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METHODS OP ATTACK. Tho successful raids of both. British and G-erman submarines in tho North Sea have gone a long way towards justifying the claim of Sir Percy Scott that this type of vessel, rather than Dreadnoughts, will be the deciding factor in modem naval battles. It is rather amusing in those davs, however, when Britain is rapidly adding to her fleet of over 100 submarines , —Germany has only about 40—to reflect that when Fulton, the American inventor, first propounded bis idea for au underwater boat, and experimented under the auspices of tho British and French Go vernmonts, his plana wore denounced as " revolting to every noble principle," both French and British admirals declaring that they wished to "fight like gentlemen and not to be drowned like rate. And it was really not until Jxird Fisher boldly adopted the submarine for the Royal Navy only a few years ago that such views and opinions in the Service vanished. —Tho Finst Submarine.— Indeed, the statement in the Nary Estimates for 1901-02 that five submarine vessels had been ordered took away the breath of old naval officers. Those five fnbmarines were of tho type known 03 the Holland, and precisely similar to tho first eubmarines of tho United States Navy. Inventions and improvements, however, followed so quickly that soon tho Holland submarine was improved beyond all recognition, and tho A, B, 0, D, and hj classes followed rapidh/on one another, each of those elates possessing distinct advantages over the previous olnss. J? or instance, while tho 37 boats of the 0 class, built by 1908, were vessels of 316 to a2l tons, with a speed of 10 to 14 knots fitted with two torpedo tubes, and a full-speed raneo of 2,000 miles, or submerged of 100 miles, the D class, which was begun ni 1908, were boats of 540 to 600 tons with three torpedo tubes and a range of 4,000 miles. It was in a D boat that the first gun was mounted, being a lißbfc piece which disappeared within a watertight compartment when iho uont v... s submoTged. —Further DevelopmentsThen came the E class, No. 9 of which recently sank the German cruiser Hela which are the newest and most powerful submarines in tho Navy. They have a radiTof action of 2,000 miles and are capable of remaining a whole day under water. K9 is fitted with cabins and berthing and living accommodation for her crew of 28 Four torpedo tubes, firing 21m torpedoes, and two Impounder guns are carried on these powerful craft, which attain a speed on the nurfaco oi 16 knots, j The Admiralty, however, is advancing still j farther, and pushing ahead as fast as pes- j sible with the building of a fleet of sub- ; marines which will be known as the * ! class, and which will have a speed of 12 , to 20 knots, and an armament of six tor- j pedo tubes and two fun*- j The methods of attack oi a submarine ; are very simple. Seeing an enemy she blows out the required number of air tanks, and bv means of her planes descends until the conning tower is just above water, from which the movements _of tho f distant cnemv are observed. Having appreached within a distance judged to be j safe from discovery, the submarine Is sub- ; merged completely, her courso _ being : conned solely by means oi the periscope, , and at the chosen moment discharges her i torpedo. A period of several minutes may , be required for submergence, and the sub- : marine caught in the act by destroyers 13 , in a hopeless situation. Tho aeroplane, j too. enables submarines to bo seen when ; submerged, and wireless messages may . convey Intelligence to tho big ships and j set the swift destroyers on the alert. At j night the submarine is blind, and ia bad ; light or rough sea she works with dim- , culty, owing to the obscurity of her { vision.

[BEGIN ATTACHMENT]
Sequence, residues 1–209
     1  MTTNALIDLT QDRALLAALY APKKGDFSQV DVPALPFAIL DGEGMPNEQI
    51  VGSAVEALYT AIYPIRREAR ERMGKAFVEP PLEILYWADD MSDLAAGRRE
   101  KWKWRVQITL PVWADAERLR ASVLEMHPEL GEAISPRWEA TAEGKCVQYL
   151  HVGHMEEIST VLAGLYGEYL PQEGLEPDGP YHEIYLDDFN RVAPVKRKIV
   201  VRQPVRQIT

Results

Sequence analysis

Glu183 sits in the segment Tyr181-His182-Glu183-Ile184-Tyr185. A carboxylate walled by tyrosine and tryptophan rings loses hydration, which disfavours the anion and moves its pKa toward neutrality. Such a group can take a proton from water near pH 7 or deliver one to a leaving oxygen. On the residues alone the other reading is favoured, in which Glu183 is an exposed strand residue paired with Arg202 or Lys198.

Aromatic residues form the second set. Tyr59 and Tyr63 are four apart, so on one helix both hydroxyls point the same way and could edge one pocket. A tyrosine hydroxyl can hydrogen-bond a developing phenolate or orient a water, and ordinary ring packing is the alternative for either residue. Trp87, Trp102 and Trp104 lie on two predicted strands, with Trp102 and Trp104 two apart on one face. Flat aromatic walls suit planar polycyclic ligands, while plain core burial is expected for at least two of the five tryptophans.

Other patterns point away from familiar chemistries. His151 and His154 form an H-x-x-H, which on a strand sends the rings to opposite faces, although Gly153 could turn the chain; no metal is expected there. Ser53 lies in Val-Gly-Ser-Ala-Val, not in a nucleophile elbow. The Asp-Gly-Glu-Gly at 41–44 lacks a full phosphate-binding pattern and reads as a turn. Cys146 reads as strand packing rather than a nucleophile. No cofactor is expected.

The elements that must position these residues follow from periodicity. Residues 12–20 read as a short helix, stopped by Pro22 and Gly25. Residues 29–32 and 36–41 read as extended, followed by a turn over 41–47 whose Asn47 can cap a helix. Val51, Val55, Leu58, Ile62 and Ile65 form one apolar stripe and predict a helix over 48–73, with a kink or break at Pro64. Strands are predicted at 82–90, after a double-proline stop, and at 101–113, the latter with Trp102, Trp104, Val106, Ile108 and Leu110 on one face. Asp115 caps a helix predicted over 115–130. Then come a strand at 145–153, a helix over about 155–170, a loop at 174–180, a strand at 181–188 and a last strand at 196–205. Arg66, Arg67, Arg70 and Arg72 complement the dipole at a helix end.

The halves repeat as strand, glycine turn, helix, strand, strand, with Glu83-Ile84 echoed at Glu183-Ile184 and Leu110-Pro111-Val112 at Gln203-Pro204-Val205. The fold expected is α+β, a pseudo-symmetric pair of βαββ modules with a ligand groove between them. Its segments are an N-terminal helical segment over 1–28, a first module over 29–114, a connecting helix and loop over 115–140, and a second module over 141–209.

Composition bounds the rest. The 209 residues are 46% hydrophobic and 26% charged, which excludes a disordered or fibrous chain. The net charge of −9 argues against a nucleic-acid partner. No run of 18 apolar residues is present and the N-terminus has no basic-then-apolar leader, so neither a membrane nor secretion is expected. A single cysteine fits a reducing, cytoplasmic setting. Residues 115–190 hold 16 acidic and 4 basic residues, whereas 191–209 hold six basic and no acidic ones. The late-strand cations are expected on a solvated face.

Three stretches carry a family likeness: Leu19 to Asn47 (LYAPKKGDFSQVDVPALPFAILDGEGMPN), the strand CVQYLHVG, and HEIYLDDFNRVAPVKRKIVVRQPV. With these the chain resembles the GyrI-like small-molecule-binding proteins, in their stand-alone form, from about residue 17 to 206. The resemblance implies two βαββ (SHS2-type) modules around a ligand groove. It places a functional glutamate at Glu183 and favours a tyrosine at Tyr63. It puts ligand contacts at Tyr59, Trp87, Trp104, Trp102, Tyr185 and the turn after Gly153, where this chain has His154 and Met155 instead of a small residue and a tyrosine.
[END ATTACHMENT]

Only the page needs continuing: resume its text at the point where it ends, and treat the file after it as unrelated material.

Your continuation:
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HOW SUBMARINES WORK, Evening Star, Issue 15665, 2 December 1914

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HOW SUBMARINES WORK Evening Star, Issue 15665, 2 December 1914